Gross margin refers to the net profit from sale of goods. It is calculated by subtracting cost of goods sold from sales revenue.
Consigned goods are owned by the consignor, but the goods are physically present in the business of the consignee. Care must be taken not to count goods held on consignment in the company’s physical inventory tally.
Specific identification works best for highly differentiated goods, large ticket items, customization, and small lot sizes. In all these cases, it is reasonably easy to keep track of the actual cost of each item, to be used to offset the sales price, when the goods are sold.
LCM sets out to record a conservative value for inventory by ensuring that goods that have decreased in value since their purchase can be revalued to match their current replacement market value.
The FIFO method assumes the first units acquired are sold first. On a periodic basis, that means that ending inventory can be determined by calculating the number of units remaining, and assuming that the cost of those units is the amount paid for the latest purchase; cost of goods sold is all inventory cost that is not in the ending inventory. For perpetual, inventory held at the time of each sale is evaluated and units acquired earliest are costed out against that particular sale.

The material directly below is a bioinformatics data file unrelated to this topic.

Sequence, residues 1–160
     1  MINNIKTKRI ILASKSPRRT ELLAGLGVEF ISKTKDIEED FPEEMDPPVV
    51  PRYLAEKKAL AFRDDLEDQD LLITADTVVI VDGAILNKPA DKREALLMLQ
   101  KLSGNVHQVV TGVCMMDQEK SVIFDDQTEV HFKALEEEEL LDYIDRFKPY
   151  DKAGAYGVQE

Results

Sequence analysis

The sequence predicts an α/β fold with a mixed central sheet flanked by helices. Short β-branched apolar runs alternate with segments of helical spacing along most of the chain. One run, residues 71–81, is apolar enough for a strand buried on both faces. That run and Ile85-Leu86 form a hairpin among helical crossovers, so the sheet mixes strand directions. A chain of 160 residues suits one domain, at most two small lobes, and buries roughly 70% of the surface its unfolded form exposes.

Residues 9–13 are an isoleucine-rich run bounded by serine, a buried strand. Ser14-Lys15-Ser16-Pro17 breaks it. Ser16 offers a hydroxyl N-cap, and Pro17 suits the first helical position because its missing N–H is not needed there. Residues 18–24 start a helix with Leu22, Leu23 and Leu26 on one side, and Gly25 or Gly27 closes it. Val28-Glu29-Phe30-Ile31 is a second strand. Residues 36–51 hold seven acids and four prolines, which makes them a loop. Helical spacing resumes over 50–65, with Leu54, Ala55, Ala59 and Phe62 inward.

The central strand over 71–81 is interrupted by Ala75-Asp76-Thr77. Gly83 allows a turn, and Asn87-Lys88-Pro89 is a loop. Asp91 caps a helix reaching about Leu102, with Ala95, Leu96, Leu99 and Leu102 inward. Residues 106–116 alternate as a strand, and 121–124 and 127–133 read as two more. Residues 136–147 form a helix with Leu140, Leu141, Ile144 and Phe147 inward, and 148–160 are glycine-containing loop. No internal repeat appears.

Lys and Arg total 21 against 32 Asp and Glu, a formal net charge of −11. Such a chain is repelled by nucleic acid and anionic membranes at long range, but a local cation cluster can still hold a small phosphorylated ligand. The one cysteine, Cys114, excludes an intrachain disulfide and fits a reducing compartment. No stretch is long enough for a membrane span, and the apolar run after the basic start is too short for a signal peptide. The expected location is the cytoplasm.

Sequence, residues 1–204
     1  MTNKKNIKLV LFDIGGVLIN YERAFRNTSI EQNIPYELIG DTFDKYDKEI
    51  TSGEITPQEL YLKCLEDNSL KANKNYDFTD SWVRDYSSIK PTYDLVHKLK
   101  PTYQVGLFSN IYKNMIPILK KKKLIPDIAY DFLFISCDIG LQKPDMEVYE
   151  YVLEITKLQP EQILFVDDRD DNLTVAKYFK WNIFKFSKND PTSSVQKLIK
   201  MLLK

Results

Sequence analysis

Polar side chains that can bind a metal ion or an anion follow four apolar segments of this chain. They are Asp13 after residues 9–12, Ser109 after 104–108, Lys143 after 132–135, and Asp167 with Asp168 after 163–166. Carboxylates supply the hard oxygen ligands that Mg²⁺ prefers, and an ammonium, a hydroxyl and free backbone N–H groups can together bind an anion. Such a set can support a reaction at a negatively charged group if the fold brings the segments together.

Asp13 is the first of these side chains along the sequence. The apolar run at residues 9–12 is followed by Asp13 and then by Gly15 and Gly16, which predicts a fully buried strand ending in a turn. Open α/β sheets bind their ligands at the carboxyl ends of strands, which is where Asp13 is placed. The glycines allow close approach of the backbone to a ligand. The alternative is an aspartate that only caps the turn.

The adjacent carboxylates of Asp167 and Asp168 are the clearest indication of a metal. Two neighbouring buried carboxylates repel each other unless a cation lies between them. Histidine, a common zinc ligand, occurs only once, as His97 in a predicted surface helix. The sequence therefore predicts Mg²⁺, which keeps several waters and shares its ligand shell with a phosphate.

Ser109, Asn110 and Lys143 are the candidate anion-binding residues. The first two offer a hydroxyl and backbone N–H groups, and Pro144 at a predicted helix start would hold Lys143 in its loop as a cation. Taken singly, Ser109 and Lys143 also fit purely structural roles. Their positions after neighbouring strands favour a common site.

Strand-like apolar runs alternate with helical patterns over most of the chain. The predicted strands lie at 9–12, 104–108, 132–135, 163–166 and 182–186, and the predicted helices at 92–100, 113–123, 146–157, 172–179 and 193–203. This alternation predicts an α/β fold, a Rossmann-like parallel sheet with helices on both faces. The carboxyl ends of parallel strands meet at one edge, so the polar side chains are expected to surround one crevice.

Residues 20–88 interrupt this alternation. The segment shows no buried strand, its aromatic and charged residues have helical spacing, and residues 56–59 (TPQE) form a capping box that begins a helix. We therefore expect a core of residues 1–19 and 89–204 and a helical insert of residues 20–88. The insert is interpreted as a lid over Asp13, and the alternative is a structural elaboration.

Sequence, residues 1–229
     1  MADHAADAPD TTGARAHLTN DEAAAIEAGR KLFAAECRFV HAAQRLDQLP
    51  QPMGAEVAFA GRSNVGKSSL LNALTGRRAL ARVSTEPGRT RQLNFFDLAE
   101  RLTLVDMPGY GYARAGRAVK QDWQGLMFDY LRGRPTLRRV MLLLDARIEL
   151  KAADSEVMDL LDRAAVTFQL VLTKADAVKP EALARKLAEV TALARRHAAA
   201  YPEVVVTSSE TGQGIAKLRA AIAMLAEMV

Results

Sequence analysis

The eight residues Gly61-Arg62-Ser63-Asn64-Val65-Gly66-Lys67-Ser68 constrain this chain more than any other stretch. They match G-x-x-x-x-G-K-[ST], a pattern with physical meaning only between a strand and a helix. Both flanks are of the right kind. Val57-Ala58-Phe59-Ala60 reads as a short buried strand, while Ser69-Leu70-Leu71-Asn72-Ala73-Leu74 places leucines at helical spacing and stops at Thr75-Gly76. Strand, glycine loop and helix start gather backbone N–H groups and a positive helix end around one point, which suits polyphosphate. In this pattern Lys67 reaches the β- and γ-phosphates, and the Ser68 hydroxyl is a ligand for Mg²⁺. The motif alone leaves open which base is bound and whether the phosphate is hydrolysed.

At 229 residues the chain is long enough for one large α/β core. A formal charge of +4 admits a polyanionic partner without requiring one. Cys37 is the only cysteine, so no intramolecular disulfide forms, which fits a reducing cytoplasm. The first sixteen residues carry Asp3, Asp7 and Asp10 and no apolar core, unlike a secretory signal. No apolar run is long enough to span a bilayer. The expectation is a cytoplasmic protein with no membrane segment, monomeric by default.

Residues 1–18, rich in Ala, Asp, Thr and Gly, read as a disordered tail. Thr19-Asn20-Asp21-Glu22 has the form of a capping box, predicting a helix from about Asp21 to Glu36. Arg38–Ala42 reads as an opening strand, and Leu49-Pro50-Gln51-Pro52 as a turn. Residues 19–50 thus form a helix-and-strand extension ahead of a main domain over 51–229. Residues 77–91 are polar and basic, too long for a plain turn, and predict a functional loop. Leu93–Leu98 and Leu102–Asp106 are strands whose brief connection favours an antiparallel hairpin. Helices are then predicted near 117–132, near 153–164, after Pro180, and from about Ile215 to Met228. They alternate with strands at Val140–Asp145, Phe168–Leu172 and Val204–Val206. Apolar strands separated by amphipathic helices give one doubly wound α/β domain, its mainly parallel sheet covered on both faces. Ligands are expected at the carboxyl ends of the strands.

The weighted-average method requires that the average cost be computed for all units that are available for sale. For periodic weighted average, the total dollar amount of goods available for sale should be divided by the total number of units available for sale, to obtain the average cost for the entire period. For perpetual, the average cost would be recalculated each time the total number of units changes, using the same strategy as described for periodic, but using the cost and number of units that are available at the time of sale.
Causes of inventory errors might be related to consigned goods, goods delivered before or after the title transfers, sloppy inventory counts, lost records, calculation errors, and any other circumstance that causes inaccuracy in the counts.
The inventory turnover ratio reveals the liquidity of the inventory by highlighting how many times during the year the entire inventory cycle could be rotated, based on the cost of the inventory sold, compared to the average cost of the unsold inventory. Days’ sales in inventory reveals how many days it typically takes to turn inventory around, from date of purchase to date of sale.